I for one, would take a gold or bronze medal for the simple fact that I like both of those colors more than silver (plus, I'm allergic to silver, but that's another story entirely). Gold means you've won, and there's something so quirky about bronze. It's very valuable to the person who acquires it, but actual bronze is worth like $3 a pound (for comparison, gold is around $1,000 an OUNCE).

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When I was a kid I thought Silver was the coolest one.

The thing about the Olympics though is that often winners and losers are separated by tenths or hundredths of seconds. For all practical purposes, these people are taking essentially the same amount of time to race around a track or ski down a hill. The technology to measure their time is incredible, but also incredible is how similarly all of the athletes are performing.

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My Dad always taught me, if you aren't on top, you might as well be on the bottom. I wouldn't want to win silver. I wouldn't want to win bronze. It's the same as 76th to me. I want gold. I could be in the minority, especially among kids my age, with the stupid participation trophies. I broke mine, it was fun, and they were actually used for a minute or two, instead of sitting in a shoebox in my closet.

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When I was in school, I was the kid that always wanted to be the best. I preferred half a point above a fail better than 99.5%, because i was happy that I passed, rather than kicking myself for not getting 100%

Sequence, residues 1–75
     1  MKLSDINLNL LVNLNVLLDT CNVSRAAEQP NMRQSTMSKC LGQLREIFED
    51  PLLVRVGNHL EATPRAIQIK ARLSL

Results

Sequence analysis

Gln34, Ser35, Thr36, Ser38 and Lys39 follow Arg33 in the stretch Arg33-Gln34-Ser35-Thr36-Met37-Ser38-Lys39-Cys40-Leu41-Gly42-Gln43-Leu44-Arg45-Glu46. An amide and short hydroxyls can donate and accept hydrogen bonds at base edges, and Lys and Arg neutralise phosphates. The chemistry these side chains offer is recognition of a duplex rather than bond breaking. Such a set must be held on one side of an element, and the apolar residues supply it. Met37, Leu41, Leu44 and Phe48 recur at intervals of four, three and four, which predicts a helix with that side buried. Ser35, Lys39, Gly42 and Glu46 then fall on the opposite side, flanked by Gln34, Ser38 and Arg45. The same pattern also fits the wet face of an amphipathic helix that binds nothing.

Mind you, 100% was the best option, obviously.

Gold=amazing

Silver=wish it was gold

Bronze=hey, I got a medal

Fourth=wish I medalled

Fifth=at least I'm not fourth

76th=I wasn't last!

77th=At least I'm at the Olympics, baby!

EDIT: You don't "win" silver, you lose gold.

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My Dad always taught me, if you aren't on top, you might as well be on the bottom. I wouldn't want to win silver. I wouldn't want to win bronze. It's the same as 76th to me.

That's pretty messed up. There's still merit in being the second best luger in the world versus the 76th best luger in the world. Being second or third best out of seven billion people is still a huge accomplishment.

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The whole perception of Silver and Bronze medals can be extrapolated to other sports. Let's imagine there's Team-X, and this team rarely has chances to succeed (equivalent to an Olympian only given every four years to get a medal) but this time, X has a great season only periodically (same as when it's an Olympic year for a hopeful). It heads to the postseason as an underdog and isn't expected to compete for championships.